Both the Tojiro DP and the Sakai Takayuki are well-regarded gyutos (though I am not particularly a fan of a damascus style blade. I think they are an affectation, with owners potentially being afraid of using them and causing visual - though not functional - damage to the face of the blade. But that's just my personal quibble). As for the other Japanese gyutos from ProChef.co.nz, I don't at this time have any real information.
If it works for you, a MAC Pro 125 mm paring knife would make a nice petty - though so would a 150 mm. Or, you can follow BDL's paring knife recommendation and just get some Victorinox paring knives. Much cheaper and a lot less critical than the chef's knife.
For a bread knife, go for a basic Victorinox fibrox handle serrated bread knife (at least 8 inches - 200 mm, but preferably 10 inch - 250 mm or longer) as a good, inexpensive and reliable bread knife. The ultimate bread knife might have been recommended by BDL as the 10-1/2 inch (270 mm) MAC Superior bread knife, but ProChef does not seem to stock it. You might go whole hog and ask for it as a special order, though that will cost you.
The MAC 240 mm honing rod is good for knives up to 240 mm in length (though I would probably prefer something longer - such as 300 mm, like the 12 inch Idahone available in the US). But in any event. look for a ceramic rod, rather than anything made with steel.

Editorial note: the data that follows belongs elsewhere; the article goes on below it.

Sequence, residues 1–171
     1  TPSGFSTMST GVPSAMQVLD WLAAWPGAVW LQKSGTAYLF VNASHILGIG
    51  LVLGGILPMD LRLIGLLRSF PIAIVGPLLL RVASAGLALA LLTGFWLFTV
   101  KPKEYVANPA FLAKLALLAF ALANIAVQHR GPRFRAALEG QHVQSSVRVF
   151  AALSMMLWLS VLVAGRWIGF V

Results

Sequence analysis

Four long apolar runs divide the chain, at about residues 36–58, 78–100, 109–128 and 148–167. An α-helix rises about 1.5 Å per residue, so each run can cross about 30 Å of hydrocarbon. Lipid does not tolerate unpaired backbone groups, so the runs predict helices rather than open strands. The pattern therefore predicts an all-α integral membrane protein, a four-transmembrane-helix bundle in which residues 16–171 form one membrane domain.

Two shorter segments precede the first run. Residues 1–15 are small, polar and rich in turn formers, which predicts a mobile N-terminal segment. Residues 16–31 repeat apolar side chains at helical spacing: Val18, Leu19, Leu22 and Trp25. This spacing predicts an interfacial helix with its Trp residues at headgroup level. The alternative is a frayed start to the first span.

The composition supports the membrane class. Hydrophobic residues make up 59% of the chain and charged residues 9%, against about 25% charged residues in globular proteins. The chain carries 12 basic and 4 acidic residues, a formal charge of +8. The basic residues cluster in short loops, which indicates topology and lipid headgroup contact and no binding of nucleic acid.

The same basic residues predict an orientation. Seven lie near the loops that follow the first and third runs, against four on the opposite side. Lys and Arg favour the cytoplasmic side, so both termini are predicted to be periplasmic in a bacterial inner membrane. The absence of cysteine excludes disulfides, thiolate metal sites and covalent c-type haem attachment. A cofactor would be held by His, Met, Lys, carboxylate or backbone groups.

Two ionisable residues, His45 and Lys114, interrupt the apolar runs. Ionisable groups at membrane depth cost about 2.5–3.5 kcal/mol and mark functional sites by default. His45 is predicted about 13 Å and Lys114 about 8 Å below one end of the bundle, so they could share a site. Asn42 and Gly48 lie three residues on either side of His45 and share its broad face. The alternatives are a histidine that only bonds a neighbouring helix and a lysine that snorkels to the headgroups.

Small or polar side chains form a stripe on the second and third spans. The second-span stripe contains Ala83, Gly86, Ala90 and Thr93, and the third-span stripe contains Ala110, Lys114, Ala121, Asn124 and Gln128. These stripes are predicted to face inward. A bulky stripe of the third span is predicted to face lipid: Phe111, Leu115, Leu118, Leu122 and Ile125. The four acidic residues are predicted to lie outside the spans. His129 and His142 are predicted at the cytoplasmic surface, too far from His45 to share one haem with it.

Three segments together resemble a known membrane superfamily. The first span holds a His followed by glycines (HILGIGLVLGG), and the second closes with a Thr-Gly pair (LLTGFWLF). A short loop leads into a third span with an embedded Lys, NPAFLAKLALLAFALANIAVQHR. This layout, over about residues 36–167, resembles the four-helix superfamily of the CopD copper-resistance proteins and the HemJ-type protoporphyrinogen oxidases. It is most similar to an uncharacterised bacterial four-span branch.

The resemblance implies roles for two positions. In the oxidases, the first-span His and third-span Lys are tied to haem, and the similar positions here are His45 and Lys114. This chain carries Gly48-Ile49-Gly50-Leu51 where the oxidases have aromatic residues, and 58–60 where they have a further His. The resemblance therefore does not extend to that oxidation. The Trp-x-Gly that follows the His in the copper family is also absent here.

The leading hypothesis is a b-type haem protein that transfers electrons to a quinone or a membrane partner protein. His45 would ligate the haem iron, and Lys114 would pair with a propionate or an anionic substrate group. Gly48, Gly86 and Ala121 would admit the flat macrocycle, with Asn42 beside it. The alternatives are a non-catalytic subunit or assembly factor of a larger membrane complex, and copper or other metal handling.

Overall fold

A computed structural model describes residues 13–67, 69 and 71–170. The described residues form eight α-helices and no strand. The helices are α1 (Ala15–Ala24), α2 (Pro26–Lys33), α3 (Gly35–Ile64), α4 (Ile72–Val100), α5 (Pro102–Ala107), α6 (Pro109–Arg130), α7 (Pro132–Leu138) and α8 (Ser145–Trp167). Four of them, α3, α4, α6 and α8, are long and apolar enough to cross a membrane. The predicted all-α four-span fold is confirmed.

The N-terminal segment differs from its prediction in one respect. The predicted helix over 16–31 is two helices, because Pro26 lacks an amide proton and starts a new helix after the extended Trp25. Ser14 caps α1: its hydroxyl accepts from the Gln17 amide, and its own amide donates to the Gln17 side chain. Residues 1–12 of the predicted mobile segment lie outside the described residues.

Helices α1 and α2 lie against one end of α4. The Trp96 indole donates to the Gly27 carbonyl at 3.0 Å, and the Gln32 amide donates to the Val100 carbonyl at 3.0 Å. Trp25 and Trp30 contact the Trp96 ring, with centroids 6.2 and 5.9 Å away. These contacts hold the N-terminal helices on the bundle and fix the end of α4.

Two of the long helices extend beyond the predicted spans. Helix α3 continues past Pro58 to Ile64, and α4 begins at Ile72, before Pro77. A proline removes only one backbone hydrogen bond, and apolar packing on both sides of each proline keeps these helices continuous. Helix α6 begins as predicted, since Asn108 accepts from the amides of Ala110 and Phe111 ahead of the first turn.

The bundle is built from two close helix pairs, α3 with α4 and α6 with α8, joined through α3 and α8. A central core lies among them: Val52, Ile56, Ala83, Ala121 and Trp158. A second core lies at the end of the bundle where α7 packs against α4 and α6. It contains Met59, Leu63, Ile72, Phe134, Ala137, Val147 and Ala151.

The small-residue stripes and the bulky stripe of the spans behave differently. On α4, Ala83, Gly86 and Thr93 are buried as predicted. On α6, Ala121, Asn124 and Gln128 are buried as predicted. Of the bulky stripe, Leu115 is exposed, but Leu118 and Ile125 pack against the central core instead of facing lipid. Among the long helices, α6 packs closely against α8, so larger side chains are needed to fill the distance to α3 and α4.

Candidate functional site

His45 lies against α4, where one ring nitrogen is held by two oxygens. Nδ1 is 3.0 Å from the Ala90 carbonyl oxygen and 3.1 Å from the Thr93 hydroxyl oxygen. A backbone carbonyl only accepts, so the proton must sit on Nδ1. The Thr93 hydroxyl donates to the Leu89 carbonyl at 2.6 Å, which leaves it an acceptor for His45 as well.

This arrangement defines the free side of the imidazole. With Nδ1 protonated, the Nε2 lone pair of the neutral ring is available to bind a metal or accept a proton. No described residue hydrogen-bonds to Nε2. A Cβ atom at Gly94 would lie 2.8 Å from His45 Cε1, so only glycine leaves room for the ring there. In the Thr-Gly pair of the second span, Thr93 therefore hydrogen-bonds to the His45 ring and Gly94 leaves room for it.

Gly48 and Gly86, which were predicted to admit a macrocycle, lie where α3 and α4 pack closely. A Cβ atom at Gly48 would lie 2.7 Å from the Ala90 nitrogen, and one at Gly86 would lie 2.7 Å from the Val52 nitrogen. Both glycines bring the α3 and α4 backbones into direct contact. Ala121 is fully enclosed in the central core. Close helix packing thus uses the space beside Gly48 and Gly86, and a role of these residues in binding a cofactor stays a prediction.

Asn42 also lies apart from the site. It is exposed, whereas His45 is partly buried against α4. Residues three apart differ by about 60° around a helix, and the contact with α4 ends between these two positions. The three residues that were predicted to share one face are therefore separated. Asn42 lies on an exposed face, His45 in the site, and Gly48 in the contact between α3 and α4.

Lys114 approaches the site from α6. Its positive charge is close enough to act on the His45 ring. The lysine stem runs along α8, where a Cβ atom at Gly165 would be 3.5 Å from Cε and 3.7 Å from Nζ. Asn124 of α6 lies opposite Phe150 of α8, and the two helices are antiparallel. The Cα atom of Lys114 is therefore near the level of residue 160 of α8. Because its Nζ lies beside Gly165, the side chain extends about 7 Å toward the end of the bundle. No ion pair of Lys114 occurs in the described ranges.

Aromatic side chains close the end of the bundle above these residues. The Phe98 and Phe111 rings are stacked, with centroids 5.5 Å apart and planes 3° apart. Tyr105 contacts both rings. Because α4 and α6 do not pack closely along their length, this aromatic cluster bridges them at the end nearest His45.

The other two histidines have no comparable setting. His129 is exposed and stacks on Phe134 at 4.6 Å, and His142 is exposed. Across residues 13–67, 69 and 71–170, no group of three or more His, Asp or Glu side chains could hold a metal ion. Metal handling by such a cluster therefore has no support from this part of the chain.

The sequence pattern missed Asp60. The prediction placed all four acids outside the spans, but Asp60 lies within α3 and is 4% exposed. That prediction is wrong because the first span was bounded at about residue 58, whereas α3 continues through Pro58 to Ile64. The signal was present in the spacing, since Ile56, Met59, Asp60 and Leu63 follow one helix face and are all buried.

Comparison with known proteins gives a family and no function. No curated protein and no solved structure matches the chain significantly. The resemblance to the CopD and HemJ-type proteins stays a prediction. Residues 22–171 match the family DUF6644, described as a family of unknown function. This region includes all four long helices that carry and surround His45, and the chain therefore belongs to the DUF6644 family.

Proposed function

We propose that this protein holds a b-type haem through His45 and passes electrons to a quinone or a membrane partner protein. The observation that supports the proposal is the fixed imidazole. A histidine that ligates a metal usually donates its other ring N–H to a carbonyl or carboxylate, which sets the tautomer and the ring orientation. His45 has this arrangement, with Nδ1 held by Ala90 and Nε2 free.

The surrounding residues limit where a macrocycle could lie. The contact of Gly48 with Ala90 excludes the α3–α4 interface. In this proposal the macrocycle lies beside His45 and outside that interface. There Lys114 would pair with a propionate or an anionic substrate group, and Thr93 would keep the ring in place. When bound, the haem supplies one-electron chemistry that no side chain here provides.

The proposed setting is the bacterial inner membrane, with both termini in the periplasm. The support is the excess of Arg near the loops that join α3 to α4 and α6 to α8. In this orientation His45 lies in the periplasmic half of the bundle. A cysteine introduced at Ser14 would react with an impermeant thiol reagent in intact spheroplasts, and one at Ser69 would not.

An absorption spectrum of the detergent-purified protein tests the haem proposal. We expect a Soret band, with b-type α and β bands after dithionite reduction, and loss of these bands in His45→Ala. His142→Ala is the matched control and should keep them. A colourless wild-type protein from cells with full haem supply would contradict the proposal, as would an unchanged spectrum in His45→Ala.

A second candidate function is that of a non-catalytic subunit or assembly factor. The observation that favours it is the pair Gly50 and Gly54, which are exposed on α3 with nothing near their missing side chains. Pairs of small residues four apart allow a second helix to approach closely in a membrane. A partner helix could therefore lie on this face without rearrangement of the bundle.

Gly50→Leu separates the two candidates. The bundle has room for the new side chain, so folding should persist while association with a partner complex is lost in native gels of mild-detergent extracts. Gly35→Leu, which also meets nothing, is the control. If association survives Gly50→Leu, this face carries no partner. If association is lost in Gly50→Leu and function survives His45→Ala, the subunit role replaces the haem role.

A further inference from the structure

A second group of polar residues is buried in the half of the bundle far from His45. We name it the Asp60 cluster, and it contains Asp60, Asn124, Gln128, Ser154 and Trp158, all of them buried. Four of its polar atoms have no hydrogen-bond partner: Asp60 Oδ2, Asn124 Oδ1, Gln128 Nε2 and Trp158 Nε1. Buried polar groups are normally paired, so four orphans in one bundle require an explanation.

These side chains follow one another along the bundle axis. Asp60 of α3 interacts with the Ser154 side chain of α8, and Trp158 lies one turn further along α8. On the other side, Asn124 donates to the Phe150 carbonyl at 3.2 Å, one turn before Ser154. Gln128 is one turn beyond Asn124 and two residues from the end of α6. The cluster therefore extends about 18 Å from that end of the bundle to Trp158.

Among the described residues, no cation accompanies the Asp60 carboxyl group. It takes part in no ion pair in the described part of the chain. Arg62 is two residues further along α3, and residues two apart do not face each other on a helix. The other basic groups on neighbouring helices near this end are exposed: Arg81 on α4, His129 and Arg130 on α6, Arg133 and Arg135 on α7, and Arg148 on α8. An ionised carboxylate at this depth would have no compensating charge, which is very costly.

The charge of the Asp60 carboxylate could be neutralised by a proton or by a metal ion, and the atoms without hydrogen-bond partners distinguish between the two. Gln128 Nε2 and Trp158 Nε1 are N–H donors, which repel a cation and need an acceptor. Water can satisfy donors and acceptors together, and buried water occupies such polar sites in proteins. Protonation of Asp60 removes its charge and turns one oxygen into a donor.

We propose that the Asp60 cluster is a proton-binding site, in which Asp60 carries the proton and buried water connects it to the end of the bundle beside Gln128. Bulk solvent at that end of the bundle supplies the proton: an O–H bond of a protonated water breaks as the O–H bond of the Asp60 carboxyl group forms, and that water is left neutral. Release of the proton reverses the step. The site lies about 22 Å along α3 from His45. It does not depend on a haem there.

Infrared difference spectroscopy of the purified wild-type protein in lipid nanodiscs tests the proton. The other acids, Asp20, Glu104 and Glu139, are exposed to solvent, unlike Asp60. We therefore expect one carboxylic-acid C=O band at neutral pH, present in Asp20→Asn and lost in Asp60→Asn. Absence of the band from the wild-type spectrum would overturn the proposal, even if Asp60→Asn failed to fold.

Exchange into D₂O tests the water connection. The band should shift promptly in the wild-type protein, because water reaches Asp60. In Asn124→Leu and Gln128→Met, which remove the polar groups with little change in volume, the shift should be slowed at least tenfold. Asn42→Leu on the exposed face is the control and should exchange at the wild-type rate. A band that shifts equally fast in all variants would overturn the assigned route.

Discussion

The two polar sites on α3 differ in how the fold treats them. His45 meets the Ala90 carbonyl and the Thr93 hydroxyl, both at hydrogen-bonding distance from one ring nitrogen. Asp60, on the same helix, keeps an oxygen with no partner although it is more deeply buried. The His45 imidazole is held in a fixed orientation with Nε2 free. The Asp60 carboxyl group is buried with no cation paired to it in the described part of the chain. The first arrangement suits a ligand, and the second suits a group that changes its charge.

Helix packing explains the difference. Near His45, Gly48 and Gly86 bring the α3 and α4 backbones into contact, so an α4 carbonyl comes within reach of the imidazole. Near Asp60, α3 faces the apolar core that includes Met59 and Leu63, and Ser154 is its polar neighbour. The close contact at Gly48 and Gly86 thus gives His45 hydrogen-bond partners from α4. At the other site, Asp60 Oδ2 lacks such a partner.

As for a cutting board, there's plenty of advice on ChefTalk about cutting boards (including mine). Have a go at the archives about that, though I suspect that the shipping costs will be disportionately high for large heavy objects to New Zealand and significantly affect the budget for a good board.
As for a sharpening system, I have two suggestions. First, consider several Japanese water stones, at least 210 mm in length and 50 mm wide (but bigger is better). You should get at least a 1000 grit stone, and something in the 3000 to 4000 range as well. ProChef does offer a Tojiro combo stone which would at least initially work well. Then, go online and read this:
This is a short version of Chad Ward's 2006 book, An Edge In The Kitchen. I don't know if the book is available in the New Zealand library system, but you might want to see if it is and then if you can borrow it. Prices are hopelessly out of date, but the information is sound.
There are plenty of videos online as well. Look at Jon Broida at Japanese Knife Imports. Bob Kramer and Murray Carter are two American-based Master Bladesmiths who also have some interesting online videos. Chef Knives To Go also has sharpening videos.
If you want to go a guided sharpening system, my personal recommendation is to look overseas to the United States and to Chef Knives to Go and look at the custom Edge Pro Essentials kit being offered for less than $250 US. It's the Edge Pro Apex sharpening system, but with custom stones (Shapton Glass). This site's administrator (Nicko) got me to do a review.
If you want to look at buying online from overseas, there are a number of knife retailers on line who can and do export to New Zealand. The aforementioned http://japanesechefsknife.com/ is well regarded. And as I mentioned earlier, an American web retailer who ships internationally is Chef Knives To Go ( http://www.chefknivestogo.com/ ).
Hope that helps.
Edited by Galley Swiller - 8/24/14 at 4:31pm